July Book Reviews

The Duchess Deal by Tessa Dare
 I was excited to see what all the fuss was about with The Duchess Deal and to read my first regency romance. Maybe my expectations were sky high, but I ended up skimming quite a bit.
There is definitely comfort in the predictability of reading romance, which must always end happily, but the journey to that end should keep me engaged. I just felt as if I knew how every single moment in this book would play out and got bored real quick. I also think the idea of using Shakespearean insults has been done already, and I certainly give points for humor on that score... to Shakespeare. I do think the main characters banter was fun, and it made me chuckle.
If anyone has a good regency romance to recommend that might fit a less predictable pattern, please do let me know! I might try reading the Bridgerton books/The Duke and I before the Netflix show comes out...

What You Wish For by Katherine Center
Thank you to St. Martin's Press for the complimentary copy! What You Wish For delivers on what I’ve come to expect from Center’s novels: sweet, funny, romantic, lovable and poignant stories of fallible characters figuring out their lives in the face of trauma.
Last week I posted about a romance novel that felt too predictable to keep me engaged, even though familiar narratives can be comforting. In this novel, and others I’ve read by Center, I generally know where things are going to shake out by the end. But the journey to that comforting ending involved many scenarios I could not have predicted, definitely keeping me on my toes and fully engaged!
If you are new to this author, I’d say that How to Walk Away is my favorite and a great way to get hooked, and What You Wish For has a timely feel that might be inspiring during these trying times we all find ourselves in...
”Joy is an antidote to fear. To anger. To boredom. To sorrow."

All Boys Aren't Blue by George M. Johnson
Adding my praises to the pile for George M. Johnson’s All Boys Aren’t Blue. I love that this memoir covering gender identity, sexuality, toxic masculinity, structural racism, family bonds and Black joy is geared toward a YA audience. Johnson’s family love shines through on every page, and is one of the most honest and brave memoirs I have read. Definitely recommend the audiobook, too.

I can see why people are loving The Girl with the Louding Voice.
The story of Adunni’s coming of age, while surviving all kinds of abuse and oppression, felt familiar and not terribly complex. Though the plot did not grab me, the 14 year old Nigerian village girl who longs for an education absolutely stole my heart. It was eye opening to learn more about Lagos and Nigeria alongside her. I also thought that her non-standard English narration was the most compelling and unique aspect of the novel.
Overall, I found this to be an impressive debut and look forward to more of DarĂ©’s writing!

Snapdragon by Kat Leyh
 A wonderful middle grade graphic novel about self discovery, family, friendship, magic and inclusiveness. LGBTQ+ representation is an integral part of the narrative, which is written so seamlessly and lovingly - it just all around warmed my heart. 

Crossings by Alex Landragin
Many thanks to St. Martin's Press for the gifted ARC of Crossings by Alex Landrigan! I haven’t seen this one on the early reader bookstagram radar, and I’m surprised because it’s a wildly fun premise...
A little bit fantasy, a little bit historical fiction, and a little bit mystery that can be read in two different ways. If you read it cover to cover, it is like reading the story from three separate, subsequent perspectives. If you decide to read in the “Baroness“ sequence, directions are given at the end of every section where to turn next, giving it an alternating perspective of telling of the story (and the nostalgia of Choose Your Own Adventure books). Naturally, I chose this method and thoroughly enjoyed watching the pieces of the puzzle come together. I also thought it would be easier to skim the opposite method of reading once I was done!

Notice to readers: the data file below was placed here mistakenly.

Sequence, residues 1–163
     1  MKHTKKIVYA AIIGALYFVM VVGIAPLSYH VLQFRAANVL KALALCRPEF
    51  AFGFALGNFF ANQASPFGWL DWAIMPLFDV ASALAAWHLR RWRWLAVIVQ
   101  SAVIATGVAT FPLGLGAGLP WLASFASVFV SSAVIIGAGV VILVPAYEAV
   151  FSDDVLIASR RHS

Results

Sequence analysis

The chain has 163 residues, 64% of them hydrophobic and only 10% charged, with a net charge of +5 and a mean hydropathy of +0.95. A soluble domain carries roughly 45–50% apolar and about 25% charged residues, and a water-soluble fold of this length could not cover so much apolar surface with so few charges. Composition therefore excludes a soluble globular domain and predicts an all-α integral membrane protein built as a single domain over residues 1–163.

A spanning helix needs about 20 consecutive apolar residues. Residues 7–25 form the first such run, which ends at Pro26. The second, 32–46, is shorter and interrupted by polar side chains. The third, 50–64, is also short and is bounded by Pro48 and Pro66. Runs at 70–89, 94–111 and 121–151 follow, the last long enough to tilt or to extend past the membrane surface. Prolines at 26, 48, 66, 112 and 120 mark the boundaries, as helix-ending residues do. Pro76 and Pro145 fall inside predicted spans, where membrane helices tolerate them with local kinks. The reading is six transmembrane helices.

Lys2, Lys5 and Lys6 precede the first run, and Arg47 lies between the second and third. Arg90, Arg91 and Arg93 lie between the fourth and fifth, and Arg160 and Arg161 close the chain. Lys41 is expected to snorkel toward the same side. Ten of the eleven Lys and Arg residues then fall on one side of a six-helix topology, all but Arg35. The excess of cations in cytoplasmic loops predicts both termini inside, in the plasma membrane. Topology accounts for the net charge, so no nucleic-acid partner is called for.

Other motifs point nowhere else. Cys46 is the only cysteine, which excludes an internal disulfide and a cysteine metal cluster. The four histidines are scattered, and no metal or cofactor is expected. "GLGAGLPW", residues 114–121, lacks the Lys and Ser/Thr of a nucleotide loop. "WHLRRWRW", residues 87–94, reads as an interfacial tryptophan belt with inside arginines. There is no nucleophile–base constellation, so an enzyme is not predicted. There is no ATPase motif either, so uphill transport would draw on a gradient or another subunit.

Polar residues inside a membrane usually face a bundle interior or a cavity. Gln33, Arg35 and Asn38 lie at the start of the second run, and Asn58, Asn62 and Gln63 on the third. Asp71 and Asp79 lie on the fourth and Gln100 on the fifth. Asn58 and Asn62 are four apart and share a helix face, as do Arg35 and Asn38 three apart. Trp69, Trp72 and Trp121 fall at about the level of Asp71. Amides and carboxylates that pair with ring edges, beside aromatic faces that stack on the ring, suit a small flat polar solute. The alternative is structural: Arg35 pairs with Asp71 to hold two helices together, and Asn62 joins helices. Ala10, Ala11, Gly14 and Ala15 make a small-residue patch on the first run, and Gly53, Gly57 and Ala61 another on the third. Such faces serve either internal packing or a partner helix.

I won’t say too much about the contents of the book to avoid spoilers. But it felt reminiscent of Anne Brashares novel My Name is Memory, and the more recent Ten Thousand Doors of January by Alix Harrow. I love the idea of souls destined to be together across time and space.
If that, along with Paris after the turn of the century, sounds like your cup of tea, definitely check out this book!

Go to Sleep, I Miss You by Lucy Knisley
Ah, Lucy Knisley just perfectly illustrates real life with her drawing and wit in every book she writes. I feel pretty far removed from the crazy baby days with a 10 and 13 year old, but ‘Go to Sleep, I Miss You’ made all those hazy memories rise to the surface. I even got out the baby books to peruse. Short and sweet, it’s a hilariously fun read for parents of any age!

Clap When You Land by Elizabeth Acevedo
This was as gorgeous, haunting, and of course, lyrical as I expected it to be. Usually I share a favorite quote from a book, but with  it is IMPOSSIBLE to choose. Her novels, written in verse, carry such emotional heft and absolutely captivate with her beautiful words.
It’s good going into this story about two girls who’s lives are mirror images, and yet worlds apart, without knowing too much. The way Acevedo masterfully lays out the plot and builds incredible tension, while also clearly illustrating the effects of race, class, misogyny and the power of women despite the patriarchy, is perfection.
Run, don’t walk to pick up this book. I’d also recommend The Poet X, and I’m so glad I already have With the Fire on High in my stacks at home!


  1. I enjoyed What You Wish For and plan to read more Center books since this was my first!

    Here are my recent reads, if interested:

  2. This comment has been removed by a blog administrator.

  3. This comment has been removed by a blog administrator.